In patients with chronic obstructive pulmonary disease (COPD) or asthma, a combination of salmeterol and fluticasone propionate (SFC) can cut the risk of dying within 2 years in half, according to a 2-year study. Salmeterol is a long-acting inhaled bronchodilator and fluticasone is an anti-inflammatory drug.
Researchers randomly assigned 1,323 patients with severe COPD to receive either SFC or tiotropium, a long-acting bronchodilator. Tracking exacerbation rate, health status, lung function, mortality, and study withdrawal rate, they found no differences in the rate of exacerbations between the two treatment groups. But patients taking SFC were 50% less likely to die from any cause during the study, and were also less likely to withdraw from the study than patients taking tiotropium.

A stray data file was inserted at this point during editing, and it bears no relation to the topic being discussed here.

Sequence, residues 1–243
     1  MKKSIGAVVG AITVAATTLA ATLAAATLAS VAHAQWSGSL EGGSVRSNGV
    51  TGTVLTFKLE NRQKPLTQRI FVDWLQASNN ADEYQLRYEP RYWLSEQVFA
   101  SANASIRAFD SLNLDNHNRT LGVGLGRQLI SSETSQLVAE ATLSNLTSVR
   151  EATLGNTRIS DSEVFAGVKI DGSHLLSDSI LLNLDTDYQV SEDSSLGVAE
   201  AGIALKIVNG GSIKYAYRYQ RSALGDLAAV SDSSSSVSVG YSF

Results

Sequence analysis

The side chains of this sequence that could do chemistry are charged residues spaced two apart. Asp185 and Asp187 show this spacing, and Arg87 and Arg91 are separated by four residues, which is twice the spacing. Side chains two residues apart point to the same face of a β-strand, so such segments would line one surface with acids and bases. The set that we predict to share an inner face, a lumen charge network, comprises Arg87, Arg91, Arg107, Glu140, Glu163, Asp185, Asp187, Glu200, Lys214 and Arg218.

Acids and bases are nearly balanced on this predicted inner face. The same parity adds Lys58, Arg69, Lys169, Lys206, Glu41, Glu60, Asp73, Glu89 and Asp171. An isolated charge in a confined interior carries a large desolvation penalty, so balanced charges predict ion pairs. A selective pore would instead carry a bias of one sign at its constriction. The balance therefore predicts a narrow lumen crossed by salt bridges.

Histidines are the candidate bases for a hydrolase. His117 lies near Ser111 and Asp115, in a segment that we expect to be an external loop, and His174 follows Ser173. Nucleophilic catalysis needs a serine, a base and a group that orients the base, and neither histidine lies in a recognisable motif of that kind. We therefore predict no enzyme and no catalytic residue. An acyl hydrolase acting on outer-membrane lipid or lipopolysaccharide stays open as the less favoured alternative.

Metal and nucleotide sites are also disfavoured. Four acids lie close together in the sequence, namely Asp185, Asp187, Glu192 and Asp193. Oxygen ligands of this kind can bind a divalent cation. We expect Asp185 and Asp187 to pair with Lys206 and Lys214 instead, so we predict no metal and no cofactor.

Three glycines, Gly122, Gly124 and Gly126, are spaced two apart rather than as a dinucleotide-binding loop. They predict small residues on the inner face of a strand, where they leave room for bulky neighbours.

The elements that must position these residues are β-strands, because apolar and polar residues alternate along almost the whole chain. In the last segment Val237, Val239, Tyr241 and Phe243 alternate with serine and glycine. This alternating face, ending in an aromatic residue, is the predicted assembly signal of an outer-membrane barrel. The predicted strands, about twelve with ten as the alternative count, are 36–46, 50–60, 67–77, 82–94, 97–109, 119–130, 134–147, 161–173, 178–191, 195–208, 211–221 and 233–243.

Patients taking SFC were more likely to require antibiotics to treat exacerbations, while those taking tiotropium were more likely to be treated with oral corticosteroids.
Source: Wedzicha JA, et al., The prevention of chronic obstructive pulmonary disease exacerbations by salmeterol/fluticasone propionate or tiotropium bromide, American Journal of Respiratory and Critical Care Medicine, January 1, 2008.